(NaturalHealth365) Pumpkin seeds are subtly sweet, protein-rich and a healthy anti-inflammatory snack. In addition, most seeds like pumpkin, chia and hemp are a great source of essential minerals. There are, in fact, many studies that suggest pumpkin seeds will keep the heart healthy and bones strong.
Did you know that consuming an ounce of pumpkin seeds a day can provide you with vital minerals like iron, manganese, magnesium, potassium, zinc and copper?
Seeds are packed with essential fats, heart-healthy magnesium and phytosterols – which is why pumpkin seeds standout as a functional food. In fact, its medicinal ability is officially recognized by the European Commission and the World Health Organization (WHO).
Eliminates your fears about ‘good and bad’ cholesterol
Pumpkin seeds have an amazing potential to decrease bad cholesterol while increasing good cholesterol levels. This was shown in research conducted on rat models that were induced with atherosclerosis (a form of heart disease) and supplemented with pumpkin seeds. After 37 days of supplementation, researchers observed that there was a 47% drop in total cholesterol and 78% drop in bad LDL cholesterol.
By the way, the study was published in the African Journal of Traditional, Complementary and Alternative Medicines – for those that want to look deeper into the research.
Researchers point to the high levels of magnesium; phytosterols and monounsaturated fats as three prime contributing factors that help to protect the heart from disease. According to the Journal of Agriculture and Food Chemistry, pumpkin seeds are among the third highest in cholesterol-reducing phytosterols. High levels of phytosterols, in foods, hinder the absorption of cholesterol in the body – thereby reducing blood cholesterol levels.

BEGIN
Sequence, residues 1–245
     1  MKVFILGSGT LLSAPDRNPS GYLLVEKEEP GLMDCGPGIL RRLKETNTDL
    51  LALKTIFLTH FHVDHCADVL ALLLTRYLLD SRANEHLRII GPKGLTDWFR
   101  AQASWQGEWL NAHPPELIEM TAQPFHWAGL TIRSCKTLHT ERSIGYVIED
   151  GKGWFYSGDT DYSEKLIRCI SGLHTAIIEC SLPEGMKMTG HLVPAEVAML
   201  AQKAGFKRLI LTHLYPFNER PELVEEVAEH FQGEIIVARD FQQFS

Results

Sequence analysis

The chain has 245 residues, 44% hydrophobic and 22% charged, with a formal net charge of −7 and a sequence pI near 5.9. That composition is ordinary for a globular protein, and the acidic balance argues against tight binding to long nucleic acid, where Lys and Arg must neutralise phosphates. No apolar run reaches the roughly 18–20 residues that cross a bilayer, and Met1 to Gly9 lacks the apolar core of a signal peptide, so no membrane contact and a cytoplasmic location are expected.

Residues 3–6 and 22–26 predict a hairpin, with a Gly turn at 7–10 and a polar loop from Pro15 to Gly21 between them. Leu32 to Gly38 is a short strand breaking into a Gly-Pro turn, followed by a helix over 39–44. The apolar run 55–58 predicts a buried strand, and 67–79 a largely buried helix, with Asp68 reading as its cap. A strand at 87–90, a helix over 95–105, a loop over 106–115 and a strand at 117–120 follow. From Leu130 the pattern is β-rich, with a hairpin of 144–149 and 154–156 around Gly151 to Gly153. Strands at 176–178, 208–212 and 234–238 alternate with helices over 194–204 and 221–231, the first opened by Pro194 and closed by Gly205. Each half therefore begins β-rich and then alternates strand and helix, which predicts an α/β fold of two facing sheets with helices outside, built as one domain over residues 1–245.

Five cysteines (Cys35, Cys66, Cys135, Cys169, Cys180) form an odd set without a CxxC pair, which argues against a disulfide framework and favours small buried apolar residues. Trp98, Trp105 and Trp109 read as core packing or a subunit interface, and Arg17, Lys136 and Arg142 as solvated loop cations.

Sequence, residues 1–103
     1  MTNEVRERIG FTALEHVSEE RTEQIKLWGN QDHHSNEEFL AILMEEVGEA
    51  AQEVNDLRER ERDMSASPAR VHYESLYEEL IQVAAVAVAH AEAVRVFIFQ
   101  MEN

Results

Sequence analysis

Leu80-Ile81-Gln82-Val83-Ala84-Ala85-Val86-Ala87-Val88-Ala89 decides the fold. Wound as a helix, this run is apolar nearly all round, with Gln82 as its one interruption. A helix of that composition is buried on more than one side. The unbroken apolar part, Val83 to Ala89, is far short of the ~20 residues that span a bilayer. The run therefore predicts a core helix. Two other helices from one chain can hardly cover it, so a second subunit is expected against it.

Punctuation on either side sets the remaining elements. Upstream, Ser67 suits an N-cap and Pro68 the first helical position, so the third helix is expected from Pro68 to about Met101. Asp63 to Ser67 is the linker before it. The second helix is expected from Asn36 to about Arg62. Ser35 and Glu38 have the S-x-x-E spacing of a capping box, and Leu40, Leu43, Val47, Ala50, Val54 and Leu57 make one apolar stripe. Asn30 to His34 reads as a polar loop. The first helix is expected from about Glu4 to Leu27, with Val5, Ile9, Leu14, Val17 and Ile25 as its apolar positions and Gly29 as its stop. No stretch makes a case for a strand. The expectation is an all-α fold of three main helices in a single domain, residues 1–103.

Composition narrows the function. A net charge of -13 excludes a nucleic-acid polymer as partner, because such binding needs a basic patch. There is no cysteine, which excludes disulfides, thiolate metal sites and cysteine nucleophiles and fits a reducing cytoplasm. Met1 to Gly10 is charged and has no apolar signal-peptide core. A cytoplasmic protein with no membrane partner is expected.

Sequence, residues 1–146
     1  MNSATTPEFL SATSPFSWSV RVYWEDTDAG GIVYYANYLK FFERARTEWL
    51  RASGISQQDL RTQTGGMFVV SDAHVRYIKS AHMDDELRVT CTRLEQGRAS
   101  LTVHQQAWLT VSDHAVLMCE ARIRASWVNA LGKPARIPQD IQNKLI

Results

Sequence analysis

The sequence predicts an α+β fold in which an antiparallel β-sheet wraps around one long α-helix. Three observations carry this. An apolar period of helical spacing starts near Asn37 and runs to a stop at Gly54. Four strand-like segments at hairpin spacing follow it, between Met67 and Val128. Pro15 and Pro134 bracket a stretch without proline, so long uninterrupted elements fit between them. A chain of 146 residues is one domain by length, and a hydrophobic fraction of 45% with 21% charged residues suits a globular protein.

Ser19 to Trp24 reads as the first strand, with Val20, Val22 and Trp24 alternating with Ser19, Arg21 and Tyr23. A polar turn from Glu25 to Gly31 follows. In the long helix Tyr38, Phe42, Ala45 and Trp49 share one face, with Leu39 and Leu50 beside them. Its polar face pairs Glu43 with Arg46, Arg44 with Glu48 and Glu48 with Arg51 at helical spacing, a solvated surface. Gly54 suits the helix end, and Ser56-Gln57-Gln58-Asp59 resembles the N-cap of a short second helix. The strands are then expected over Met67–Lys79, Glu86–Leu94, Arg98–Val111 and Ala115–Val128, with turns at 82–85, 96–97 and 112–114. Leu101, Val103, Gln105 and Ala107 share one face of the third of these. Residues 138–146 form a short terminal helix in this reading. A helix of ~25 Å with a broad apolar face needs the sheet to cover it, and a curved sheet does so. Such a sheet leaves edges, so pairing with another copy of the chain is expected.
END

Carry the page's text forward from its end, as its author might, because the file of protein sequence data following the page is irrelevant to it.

How can I strengthen the bones with a healthy diet?
Surprising, to some people, when it comes to bone health – there are many minerals that are involved in maintaining a healthy bone structure. Very often, there are minerals like boron, magnesium, phosphorous and zinc which are overlooked – when it comes to preventing osteoporosis.
The science is overwhelmingly clear.
Two separate human studies underscored the importance of minerals other than calcium in preventing the development of osteoporosis. A study published in the November 2005 issue of Journal of American Geriatric Society revealed that high dietary magnesium intake is associated with better bone density and decreased risk of osteoporosis – in over 2,000 elderly subjects.
In the second study, from the journal Osteoporosis International, researchers found that the low intake of minerals like, phosphorous and zinc increased the risk of fracture in participants aged 46 – 68, versus those with higher intake.
Pumpkin seeds are also rich in the amino acid tryptophan, another important nutrient in bone-building. Furthermore, researchers say that just one quarter cup of the seeds can provide a rich amount of bone-building nutrients like, manganese and iron. Plus, due to its alkaline forming nature – pumpkin seeds significantly decrease the loss of calcium from bones and increase the retention of all kinds of minerals.
Keep in mind, since the nutrients in pumpkin seeds are fragile, the seeds need to be refrigerated soon after the shells are removed. It is also a good idea to eat fresh (organic) seeds for obvious reasons. And, to improve digestibility and nutrient absorption – you may want to try sprouted seeds.
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1. Nissinen M, Gylling H, Vuoristo M, Miettinen TA. Micellar distribution of cholesterol and phytosterols after duodenal plant stanol ester infusion. Am J Physiol Gastrointest Liver Physiol. 2002 June;282(6):1009-15.
2. Phillips KM, Ruggio DM, Ashraf-Khorassani M. Phytosterol composition of nuts and seeds commonly consumed in the United States. J Agric Food Chem. 2005 Nov;53(24):9436-45.
3. El-Mosallamy AE, Sleem AA, Abdel-Salam OM, Shaffie N, Kenawy SA. Antihypertensive and cardioprotective effects of pumpkin seed oil. J Med Food. 2012 Feb;15(2):180-9.
4. Ryder KM, Shorr RI, Bush AJ. Magnesium intake from food and supplements is associated with bone mineral density in healthy older white subjects. J Am Geriatr Soc.2005 Nov;53(11):1875-80.
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